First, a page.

Deal flow picks up in Europe, as Parliament disagrees on financial reform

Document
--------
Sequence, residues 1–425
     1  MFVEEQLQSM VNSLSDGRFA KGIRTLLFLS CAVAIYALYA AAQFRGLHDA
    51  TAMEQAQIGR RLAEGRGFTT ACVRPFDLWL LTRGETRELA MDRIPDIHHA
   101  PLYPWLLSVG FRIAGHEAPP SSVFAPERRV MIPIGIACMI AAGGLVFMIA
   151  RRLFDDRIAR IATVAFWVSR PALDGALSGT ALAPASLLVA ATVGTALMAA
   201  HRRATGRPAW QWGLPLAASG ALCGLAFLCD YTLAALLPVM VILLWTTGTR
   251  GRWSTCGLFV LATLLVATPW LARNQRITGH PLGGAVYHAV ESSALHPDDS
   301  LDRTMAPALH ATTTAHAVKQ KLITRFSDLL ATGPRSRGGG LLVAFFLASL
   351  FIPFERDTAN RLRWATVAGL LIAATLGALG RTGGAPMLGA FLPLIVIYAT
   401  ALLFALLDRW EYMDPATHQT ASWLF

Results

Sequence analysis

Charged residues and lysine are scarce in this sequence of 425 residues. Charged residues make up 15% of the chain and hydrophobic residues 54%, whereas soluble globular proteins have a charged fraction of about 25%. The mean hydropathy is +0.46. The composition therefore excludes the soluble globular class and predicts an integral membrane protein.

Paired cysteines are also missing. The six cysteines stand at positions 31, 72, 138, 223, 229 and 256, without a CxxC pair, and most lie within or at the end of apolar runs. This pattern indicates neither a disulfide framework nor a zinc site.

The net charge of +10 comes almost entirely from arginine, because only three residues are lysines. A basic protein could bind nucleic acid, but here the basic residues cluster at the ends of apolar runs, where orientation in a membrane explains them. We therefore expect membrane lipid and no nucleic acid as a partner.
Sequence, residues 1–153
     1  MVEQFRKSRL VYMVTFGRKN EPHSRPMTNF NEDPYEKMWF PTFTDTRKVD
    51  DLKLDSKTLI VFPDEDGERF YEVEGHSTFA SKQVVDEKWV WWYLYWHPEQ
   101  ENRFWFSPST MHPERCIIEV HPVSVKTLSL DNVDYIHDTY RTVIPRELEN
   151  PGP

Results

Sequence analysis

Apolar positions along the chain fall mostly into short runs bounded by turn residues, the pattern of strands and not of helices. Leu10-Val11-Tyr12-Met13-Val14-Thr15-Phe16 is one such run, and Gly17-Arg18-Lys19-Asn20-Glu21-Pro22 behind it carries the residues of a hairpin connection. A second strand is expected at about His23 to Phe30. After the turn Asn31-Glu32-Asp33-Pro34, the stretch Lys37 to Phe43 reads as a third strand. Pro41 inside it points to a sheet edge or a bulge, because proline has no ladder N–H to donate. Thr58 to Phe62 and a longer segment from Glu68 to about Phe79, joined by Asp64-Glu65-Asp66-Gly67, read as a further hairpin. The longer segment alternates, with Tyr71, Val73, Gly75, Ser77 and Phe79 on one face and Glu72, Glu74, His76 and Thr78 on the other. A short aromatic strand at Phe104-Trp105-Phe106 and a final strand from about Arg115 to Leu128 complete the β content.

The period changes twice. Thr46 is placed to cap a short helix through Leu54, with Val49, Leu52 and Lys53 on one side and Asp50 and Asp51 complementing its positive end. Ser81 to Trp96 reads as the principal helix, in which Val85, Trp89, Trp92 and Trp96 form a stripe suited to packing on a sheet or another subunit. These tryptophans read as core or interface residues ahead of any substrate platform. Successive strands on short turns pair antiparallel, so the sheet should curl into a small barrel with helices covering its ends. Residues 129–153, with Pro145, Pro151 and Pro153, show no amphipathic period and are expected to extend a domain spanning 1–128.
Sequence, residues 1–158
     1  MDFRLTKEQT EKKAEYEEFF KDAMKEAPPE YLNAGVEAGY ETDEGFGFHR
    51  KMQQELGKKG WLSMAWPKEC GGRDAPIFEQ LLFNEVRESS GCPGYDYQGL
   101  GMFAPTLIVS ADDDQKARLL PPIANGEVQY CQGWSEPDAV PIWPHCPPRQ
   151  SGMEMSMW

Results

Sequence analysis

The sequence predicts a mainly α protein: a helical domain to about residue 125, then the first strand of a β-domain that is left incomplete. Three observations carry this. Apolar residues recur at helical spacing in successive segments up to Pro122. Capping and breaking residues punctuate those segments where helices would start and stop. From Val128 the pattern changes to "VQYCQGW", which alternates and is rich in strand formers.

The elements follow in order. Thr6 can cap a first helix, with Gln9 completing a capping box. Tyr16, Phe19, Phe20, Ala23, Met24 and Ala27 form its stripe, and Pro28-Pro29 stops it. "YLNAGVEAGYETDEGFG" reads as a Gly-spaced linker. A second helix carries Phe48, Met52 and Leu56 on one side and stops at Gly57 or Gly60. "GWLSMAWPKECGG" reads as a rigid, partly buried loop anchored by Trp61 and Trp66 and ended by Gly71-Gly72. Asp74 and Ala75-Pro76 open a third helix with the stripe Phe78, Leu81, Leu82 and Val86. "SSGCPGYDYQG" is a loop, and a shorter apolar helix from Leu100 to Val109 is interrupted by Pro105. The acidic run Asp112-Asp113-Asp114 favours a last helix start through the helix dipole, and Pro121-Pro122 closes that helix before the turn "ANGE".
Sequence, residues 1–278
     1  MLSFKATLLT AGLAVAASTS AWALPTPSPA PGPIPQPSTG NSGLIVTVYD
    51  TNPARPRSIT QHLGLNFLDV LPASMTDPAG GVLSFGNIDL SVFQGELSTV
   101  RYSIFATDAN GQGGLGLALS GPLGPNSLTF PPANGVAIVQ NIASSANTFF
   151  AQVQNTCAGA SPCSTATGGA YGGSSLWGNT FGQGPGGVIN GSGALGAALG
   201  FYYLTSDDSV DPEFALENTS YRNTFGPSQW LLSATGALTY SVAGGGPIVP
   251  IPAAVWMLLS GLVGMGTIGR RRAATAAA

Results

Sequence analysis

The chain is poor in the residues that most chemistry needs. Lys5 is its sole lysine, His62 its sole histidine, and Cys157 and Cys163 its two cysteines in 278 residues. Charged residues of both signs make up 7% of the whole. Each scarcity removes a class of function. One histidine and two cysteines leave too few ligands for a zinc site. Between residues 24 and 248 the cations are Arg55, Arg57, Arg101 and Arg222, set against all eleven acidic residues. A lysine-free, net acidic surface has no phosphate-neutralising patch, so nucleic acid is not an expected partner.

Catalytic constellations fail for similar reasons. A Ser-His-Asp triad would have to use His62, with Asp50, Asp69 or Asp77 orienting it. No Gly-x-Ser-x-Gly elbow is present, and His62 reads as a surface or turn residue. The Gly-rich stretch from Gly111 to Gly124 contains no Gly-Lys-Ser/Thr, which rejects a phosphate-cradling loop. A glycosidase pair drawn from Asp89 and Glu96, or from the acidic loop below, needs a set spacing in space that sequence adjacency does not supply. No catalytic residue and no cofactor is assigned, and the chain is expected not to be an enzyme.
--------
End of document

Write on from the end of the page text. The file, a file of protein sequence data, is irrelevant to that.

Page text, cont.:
Secondary market players in Europe are reporting an uptick in trading, with five new deals carrying at least one or two public tranches coming to the table in the last week alone. However, ministers of the European Parliament are finalizing a new set of rules that one dissenter argues will lead some new deals to "circumvent the EU." And it should be noted that politicians across Europe are not aligned in their approval for this reform. Dutch politician Corien Wortmann-Kool objects to the current proposal by the EU to levy a financial tax on banking institutions. She wants any such measure to have G-20 wide adoption. "Otherwise the disadvantages will outweigh the advantages," she said during a speech today at the European Commission. Europe is considering a wide raft of changes to financial regulation that will likely directly impact secondary market investors and issuers alike. German newspapers, for example report that risk retention for Tier-1 capital may go as high as 9%. On Sunday, the Group of Governors and Heads of Supervision, the oversight body for the Basel Committee, will meet to try to finalize some of the sweeping reforms proposed, setting up a week of uncertain trading across markets. The success of the recovering ABS market hinges on the outcome of that meeting. "We are seeing signs of a possible revival of interest in ABS again on the part of a number of fund managers," said Jean-David Cirotteau, a credit strategist at investment bank Société Générale. "This should strengthen the demand side, but it has not yet translated into action." Currently the ABS pipeline is busy, Cirotteau said, and there are more deals being lined up in "signs of optimism." Kay Swinburne, a parliamentarian from the U.K., stressed that the proposed bank tax revenue will not be "freely available money." "It will be pensioners and companies who will pay for a financial transaction tax, not the banks," she warned. Moreover, she insisted the money should be spent according to the wishes of member states and not allocated at EU level. Write to Jacob Gaffney.